SSH MitM attacks. Upon establishing a connection to
the decoy destination, these relays exchanged the destination’s certificate with their own, self-signed version.
Since these certificates were not issued by a trusted authority contained in TorBrowser’s certificate store, a user
falling prey to such a MitM attack would be redirected to
the about:certerror warning page.
Interestingly, we have reason to believe that all relays whose fingerprint ends with a † were run by the
same person or group of people. This becomes evident
when analysing the self-signed certificates which were
injected for the MitM attacks. In every case, the certificate chain consisted of only two nodes which both belonged to a “Main Authority” and the root certificate—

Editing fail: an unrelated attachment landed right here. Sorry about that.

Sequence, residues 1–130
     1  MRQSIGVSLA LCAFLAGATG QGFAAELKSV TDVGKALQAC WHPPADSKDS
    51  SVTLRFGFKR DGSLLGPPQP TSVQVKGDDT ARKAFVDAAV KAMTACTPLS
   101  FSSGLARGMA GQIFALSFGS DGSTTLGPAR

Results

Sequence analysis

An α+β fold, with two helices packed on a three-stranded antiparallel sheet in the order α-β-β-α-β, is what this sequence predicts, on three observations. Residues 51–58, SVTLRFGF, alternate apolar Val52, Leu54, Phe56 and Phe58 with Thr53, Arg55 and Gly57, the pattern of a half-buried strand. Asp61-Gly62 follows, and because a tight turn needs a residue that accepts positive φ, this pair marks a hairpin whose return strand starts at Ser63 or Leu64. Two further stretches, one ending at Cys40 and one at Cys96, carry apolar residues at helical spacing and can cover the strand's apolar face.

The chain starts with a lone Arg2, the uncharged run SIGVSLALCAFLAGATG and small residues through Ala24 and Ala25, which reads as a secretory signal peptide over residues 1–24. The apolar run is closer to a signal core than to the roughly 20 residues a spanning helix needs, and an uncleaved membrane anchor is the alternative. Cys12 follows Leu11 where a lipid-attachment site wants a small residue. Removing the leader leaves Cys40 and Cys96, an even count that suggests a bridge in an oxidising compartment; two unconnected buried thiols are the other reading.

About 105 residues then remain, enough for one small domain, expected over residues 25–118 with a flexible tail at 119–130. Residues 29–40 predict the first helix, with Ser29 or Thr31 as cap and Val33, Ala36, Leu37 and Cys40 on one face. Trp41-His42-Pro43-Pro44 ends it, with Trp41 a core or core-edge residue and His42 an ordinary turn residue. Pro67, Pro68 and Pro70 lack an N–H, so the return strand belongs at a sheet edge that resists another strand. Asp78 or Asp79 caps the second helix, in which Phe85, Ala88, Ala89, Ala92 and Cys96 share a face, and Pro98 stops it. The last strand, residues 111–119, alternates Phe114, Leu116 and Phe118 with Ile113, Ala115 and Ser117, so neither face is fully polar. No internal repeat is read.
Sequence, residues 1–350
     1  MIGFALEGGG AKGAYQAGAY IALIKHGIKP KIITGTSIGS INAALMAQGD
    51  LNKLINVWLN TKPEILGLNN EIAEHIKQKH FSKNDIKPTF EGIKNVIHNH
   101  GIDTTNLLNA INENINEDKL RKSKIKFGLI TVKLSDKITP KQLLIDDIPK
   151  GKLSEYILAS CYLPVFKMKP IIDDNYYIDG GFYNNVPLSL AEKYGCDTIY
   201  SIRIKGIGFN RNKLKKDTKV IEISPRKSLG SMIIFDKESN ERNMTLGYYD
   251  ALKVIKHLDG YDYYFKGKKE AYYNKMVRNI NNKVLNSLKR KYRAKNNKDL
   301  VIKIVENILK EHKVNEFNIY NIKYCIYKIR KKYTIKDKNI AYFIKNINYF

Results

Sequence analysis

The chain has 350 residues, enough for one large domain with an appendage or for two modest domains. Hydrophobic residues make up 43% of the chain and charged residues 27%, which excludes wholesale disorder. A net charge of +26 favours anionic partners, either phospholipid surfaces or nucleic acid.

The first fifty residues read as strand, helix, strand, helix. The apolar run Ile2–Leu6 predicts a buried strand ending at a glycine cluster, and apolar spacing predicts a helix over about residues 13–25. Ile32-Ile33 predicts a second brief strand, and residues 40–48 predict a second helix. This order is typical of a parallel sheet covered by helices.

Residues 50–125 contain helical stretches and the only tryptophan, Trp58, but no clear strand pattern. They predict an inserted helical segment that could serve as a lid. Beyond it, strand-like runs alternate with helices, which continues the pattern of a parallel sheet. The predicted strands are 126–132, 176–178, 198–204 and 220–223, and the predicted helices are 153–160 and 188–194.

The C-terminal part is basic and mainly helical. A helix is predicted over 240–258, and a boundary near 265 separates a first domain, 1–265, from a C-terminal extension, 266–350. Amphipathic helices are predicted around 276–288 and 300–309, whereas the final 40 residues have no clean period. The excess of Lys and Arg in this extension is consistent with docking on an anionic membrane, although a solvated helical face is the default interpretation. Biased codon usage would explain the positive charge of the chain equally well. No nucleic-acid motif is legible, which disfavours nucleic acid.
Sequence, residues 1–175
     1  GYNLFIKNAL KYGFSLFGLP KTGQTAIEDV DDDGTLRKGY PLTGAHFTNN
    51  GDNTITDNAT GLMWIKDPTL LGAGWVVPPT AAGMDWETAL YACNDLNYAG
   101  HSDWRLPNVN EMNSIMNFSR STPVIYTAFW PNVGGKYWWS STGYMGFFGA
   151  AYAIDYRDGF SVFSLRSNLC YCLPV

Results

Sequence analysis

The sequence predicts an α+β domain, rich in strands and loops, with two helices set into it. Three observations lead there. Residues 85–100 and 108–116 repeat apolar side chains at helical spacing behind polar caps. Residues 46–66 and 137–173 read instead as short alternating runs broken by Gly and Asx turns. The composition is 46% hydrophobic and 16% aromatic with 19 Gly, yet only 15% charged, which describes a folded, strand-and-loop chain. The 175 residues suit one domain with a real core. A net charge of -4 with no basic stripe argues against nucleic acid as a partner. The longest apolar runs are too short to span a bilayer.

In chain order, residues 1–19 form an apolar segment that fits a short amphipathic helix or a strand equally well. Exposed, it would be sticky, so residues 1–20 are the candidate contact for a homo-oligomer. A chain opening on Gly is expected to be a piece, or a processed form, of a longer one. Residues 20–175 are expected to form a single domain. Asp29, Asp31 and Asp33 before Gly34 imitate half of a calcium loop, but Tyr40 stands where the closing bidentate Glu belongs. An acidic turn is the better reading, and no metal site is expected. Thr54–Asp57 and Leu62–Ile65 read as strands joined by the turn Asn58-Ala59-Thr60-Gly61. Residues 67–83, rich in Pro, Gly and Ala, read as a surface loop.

partially shown in Figure 6—of all chains was identical.
This means that these attacks can be traced back to a
common origin even though it is not clear where or what
this origin is as we will discuss later.
Apart from the identical root certificate, these relays
had other properties in common. First, with the exception of 8F9121BF which was located in the U.S., they
were all located in Russia. Upon investigating their IP
addresses, we discovered that most of the Russian relays were run in the network of a virtual private system (VPS) provider. Several IP addresses were also
located in the same netblock, namely 176.99.12.246,
176.99.9.114, 176.99.9.111, and 176.99.11.182. All

4.3

Connection Sampling

Whenever our hunt for malicious relays yielded another
result, we strived to confirm the attack by rerunning the
scan on the newly discovered relay. However, in the case
of the Russian relays, this did not always result in the
expected HTTPS MitM attack. Instead, we found that